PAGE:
Shelley Housing/Homelessness Q3
What’s missing is a disaggregation of the “homelessness” problem into distinct categories with unique causes.
In the 1960s, California adopted the Lanterman-Petris-Short Act, which provided for the involuntary commitment and treatment of a person who is a danger to himself or herself or others or who is gravely disabled. The definition of “gravely disabled” included being unable to provide for the basic personal needs for food, clothing, or shelter. Disabling mental illness must be recognized and people must be helped, not cynically used as a justification for wasteful tax increases or proposed public works projects.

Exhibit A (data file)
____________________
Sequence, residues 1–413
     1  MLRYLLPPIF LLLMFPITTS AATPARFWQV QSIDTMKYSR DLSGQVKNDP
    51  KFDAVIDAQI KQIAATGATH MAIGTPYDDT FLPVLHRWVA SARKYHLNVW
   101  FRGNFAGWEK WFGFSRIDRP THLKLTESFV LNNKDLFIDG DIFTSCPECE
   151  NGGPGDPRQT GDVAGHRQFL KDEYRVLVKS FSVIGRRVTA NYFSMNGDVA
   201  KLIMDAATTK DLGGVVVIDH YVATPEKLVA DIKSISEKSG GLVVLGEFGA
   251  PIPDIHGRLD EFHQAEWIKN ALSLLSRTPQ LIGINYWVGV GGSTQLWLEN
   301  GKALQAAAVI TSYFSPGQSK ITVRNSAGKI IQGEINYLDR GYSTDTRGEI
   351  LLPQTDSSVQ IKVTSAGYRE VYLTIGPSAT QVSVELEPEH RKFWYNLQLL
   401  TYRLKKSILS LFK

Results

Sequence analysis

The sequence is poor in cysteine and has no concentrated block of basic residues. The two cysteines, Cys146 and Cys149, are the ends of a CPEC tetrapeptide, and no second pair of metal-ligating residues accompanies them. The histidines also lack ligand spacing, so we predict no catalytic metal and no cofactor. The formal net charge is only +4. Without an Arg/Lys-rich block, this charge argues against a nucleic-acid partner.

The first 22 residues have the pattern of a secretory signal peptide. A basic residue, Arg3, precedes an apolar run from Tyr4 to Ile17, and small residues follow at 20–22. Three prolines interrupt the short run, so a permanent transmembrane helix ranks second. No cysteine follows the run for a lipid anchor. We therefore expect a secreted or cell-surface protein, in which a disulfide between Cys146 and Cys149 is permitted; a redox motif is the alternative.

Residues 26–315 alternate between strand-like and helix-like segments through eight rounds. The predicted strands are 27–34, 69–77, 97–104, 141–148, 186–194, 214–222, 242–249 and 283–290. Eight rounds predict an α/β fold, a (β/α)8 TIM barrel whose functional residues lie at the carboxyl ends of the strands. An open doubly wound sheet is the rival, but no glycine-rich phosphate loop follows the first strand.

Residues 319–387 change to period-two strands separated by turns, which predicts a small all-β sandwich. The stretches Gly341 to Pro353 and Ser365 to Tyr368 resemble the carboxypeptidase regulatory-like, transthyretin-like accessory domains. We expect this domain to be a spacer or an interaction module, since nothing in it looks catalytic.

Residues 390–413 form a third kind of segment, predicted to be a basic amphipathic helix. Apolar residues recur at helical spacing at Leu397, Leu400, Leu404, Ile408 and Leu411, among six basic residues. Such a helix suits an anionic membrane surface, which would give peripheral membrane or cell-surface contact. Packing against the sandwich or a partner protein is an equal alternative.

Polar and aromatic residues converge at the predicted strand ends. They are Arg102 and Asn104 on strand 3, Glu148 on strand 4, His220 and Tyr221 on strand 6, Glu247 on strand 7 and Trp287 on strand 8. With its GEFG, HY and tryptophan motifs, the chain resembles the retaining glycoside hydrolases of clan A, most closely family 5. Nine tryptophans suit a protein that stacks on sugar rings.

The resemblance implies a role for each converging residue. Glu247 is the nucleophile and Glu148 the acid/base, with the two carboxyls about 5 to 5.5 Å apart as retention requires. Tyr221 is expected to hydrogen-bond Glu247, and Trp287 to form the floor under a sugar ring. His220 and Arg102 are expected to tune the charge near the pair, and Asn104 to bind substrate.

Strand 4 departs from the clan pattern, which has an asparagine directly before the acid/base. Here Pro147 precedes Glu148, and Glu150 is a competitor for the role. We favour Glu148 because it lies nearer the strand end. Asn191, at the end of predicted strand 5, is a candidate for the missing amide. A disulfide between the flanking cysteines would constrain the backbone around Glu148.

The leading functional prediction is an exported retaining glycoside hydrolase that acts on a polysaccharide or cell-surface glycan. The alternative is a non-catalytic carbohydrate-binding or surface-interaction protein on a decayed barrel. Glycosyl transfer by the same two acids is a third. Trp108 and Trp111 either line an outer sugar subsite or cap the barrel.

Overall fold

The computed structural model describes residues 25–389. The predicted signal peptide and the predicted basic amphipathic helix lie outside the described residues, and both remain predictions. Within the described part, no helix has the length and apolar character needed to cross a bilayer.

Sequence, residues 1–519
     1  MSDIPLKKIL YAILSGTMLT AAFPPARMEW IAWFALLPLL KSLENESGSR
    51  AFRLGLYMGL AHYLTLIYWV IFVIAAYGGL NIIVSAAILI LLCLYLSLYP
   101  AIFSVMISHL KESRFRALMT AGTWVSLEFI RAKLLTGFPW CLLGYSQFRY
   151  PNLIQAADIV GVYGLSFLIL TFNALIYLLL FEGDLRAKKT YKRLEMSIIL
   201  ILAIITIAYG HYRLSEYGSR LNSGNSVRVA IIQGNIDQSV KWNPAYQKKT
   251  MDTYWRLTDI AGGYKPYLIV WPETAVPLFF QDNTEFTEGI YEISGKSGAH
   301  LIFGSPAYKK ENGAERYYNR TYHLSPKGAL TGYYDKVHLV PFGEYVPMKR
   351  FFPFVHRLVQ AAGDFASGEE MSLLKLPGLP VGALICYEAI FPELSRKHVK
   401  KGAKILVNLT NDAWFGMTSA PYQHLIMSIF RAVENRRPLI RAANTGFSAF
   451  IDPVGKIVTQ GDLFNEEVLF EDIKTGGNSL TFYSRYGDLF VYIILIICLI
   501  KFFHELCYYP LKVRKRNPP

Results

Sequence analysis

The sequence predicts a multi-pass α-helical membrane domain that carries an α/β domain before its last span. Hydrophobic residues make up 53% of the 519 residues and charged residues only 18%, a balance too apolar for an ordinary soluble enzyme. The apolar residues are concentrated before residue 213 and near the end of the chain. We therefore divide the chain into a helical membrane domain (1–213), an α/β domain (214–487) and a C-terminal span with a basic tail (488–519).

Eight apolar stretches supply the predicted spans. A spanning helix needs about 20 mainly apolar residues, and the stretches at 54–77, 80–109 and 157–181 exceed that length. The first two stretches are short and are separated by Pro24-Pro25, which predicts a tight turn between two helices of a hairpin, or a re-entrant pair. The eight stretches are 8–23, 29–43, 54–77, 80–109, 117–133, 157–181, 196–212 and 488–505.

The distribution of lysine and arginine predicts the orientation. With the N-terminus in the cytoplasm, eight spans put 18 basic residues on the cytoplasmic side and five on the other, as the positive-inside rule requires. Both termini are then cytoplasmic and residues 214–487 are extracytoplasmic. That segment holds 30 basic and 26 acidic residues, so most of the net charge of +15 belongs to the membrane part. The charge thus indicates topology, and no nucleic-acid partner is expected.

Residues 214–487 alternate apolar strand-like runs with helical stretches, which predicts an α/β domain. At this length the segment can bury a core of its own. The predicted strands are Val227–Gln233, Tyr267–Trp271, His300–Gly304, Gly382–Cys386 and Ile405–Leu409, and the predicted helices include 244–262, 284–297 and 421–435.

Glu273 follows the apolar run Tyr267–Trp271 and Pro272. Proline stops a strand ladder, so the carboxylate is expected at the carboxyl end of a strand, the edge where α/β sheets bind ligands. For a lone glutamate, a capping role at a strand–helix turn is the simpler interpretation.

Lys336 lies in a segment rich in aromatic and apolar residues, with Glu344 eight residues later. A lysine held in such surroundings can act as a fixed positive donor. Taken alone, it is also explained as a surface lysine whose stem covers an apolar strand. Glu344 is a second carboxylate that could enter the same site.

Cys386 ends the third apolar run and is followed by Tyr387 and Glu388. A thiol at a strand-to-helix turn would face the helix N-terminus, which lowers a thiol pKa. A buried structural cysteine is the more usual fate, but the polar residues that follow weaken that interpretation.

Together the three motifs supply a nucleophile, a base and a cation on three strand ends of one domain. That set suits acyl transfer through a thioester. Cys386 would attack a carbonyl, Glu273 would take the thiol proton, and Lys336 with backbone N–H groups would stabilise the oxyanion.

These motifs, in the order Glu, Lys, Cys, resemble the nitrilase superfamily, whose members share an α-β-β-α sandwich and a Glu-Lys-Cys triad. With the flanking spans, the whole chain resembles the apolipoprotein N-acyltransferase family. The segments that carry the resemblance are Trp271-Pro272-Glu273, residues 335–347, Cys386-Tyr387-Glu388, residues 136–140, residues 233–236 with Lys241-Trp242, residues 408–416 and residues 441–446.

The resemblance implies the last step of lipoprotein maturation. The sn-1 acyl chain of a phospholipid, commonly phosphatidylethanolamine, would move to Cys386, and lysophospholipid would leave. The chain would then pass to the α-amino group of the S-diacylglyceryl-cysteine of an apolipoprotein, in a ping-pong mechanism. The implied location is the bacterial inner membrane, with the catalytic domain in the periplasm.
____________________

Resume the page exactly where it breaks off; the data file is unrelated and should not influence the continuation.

The problem of substance abuse cannot be helped by enabling addicts to conceal themselves in tents on the streets and other public spaces. Before any public, private or non-profit entity can help, that option has to be withdrawn.
To the extent that people are on the streets solely because they can’t afford to live anywhere, a combination of housing assistance and job opportunities is the rational solution, and because job opportunities come from businesses, it would be helpful for state policies to encourage hiring and to create the conditions that allow businesses to succeed in California.